Okay, Here it Is!
This is consecutive whole notes (one way to play them) in a row:
x – x – o – x
o – x – o – x
x – o – x – x
x – o – x – x
x – x – o – x
x – x – o – x
That is a scale. It’s one of the “positions.” Ready to learn?
You’ll memorize this scale. It won’t be as hard as it seems. You’ll benefit ENORMOUSLY. You’ll use it for the rest of your life!
Here’s how to study and learn it easily:
Look at the image below. Blue dots are where you will line up your fingers. This is because with this particular scale, you’ll find the “root” note (the key you want to be playing in) falls on the middle finger of your chording hand. Look at the blue dots and put your four fingers right across those four frets (stretching your fingers bottom to top). Now, you’ll see what the pattern above is – all I did is put an X where there’s a note. The Os are half notes, which are not in this scale! Also: this scale starts and ends in C – it’s TWO octaves, and the “shared” C is noted – the Cs are green. The only reason this is a scale in “C” is because I laid my middle finger down in the C-position. If I put my middle finger in the B-position, I would be proceeding to play a scale in B.
You now know the whole note diatonic scale in every key along the neck.
The idea is to learn the notes, but more – to play through the notes. When you do, you’ll HEAR what I mean. You’ll HEAR the first and last notes of the octave. You’ll realize you DON’T NEED to know what all the notes are called if all you want is to play the next one (up or down) – just go up or down. If you stay in the scale you can play endlessly, always staying in key. Keep your fingers aligned with their assigned frets! Stay there! To change key, move the whole arrangement.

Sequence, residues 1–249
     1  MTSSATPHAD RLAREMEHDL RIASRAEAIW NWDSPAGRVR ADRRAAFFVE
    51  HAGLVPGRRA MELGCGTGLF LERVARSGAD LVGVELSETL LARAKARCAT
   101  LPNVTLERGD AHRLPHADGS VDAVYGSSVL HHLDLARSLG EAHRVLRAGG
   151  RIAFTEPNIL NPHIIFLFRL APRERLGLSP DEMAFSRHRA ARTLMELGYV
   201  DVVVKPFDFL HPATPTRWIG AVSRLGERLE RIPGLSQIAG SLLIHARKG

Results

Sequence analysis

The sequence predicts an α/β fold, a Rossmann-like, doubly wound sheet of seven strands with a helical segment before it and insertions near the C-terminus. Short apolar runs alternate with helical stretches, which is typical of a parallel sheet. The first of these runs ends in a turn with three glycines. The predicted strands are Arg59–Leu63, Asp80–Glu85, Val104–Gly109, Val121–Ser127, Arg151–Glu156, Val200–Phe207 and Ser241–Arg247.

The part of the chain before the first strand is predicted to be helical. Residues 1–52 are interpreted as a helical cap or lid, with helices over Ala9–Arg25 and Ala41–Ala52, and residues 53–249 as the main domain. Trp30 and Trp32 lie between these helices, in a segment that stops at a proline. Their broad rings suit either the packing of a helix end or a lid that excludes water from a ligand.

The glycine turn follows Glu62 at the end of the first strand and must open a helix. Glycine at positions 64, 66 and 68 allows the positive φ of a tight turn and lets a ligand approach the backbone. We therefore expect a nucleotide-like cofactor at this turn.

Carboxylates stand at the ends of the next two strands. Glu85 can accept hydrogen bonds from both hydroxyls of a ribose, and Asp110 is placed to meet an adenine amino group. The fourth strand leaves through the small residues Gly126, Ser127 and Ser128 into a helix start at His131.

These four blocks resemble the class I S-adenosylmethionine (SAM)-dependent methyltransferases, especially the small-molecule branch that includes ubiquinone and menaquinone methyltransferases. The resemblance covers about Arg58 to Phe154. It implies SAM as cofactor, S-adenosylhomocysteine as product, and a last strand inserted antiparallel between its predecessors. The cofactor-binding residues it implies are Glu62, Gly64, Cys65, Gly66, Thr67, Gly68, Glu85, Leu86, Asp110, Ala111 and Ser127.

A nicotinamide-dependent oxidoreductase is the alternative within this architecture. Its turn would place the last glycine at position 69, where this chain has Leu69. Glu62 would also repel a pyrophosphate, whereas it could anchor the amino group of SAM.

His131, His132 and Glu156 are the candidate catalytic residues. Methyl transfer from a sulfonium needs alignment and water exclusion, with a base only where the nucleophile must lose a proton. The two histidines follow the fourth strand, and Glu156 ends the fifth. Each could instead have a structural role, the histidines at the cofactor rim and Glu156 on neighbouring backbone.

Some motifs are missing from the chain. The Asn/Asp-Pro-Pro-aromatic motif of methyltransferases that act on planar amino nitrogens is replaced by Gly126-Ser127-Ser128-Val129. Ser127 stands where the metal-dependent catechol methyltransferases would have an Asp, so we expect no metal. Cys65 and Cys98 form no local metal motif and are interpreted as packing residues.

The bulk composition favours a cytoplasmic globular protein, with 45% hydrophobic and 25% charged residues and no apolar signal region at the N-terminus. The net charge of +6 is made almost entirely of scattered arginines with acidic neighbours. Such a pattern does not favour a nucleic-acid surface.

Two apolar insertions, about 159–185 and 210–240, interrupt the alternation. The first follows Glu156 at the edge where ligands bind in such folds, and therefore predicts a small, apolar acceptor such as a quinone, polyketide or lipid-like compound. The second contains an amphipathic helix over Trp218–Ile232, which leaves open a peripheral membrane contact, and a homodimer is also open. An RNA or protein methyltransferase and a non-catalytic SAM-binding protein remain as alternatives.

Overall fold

But, what About Barre Chords!?
Okay, now you can move! 🙂
Scales are moveable, but mostly position-static for the duration of a song, but barre chords, they can move a lot, baby!
To understand the meaningfulness of barre chords, you first need to see one note. Then two. Then the rest, and how they lay in a predictable way!
Quick Summary of Scales
Also see how you can take the scale pattern you just learned and move it. Just start with your middle finger on the root note (on the top or bottom string). Put your middle finger on the G note. That’s the second dot (first or sixth string). Remember, G is the first dot position, and A is the second dot position.
In either G or A position, or any other, It’s exactly the same scale. You can do this ANYWHERE. Just change where you start, knowing which fingers to use.
Other scales “start” with different fingers, so don’t assume if you play a different scale, or a different form of this scale, you start with your MIDDLE finger on the root note, but with this scale and form you do.
EVERY scale is simply a divergence from the basic scale you already know; sometimes notes are added; or taken away. The whole-notes-scale is “diatonic,” which means “seven.” The “pentatonic,” or blues scale (the one everyone loves), is even easier, because it’s the exact same scale, the same notes, except two are dropped, so it’s a five-note scale. Simple stuff.
You won’t see this unless you look, but when you look it’s very satisfying to understand relative positions, basic patterns and interrelationships, and much easier than you may have imagined.
Now, What About Barre Chords?
I get ya. You wanted to appreciate barre chords! I remember!
They move, too! And they interconnect!
Barre chords, like any other chords, are just a combination of notes. If you start with an E shape (022100), probably the most useful chord shape on a guitar, you can move it anywhere you want, just the same as moving a scale, but you need to barre it.
Learning the E Shape
Learning the E-Shape is by far the most important thing to do, once you understand the basics. It exists without barring, so be sure to master the E chord in it’s baseline position, up against the nut. The chord is simply 022100 (signifying which fret, each string, starting at the top).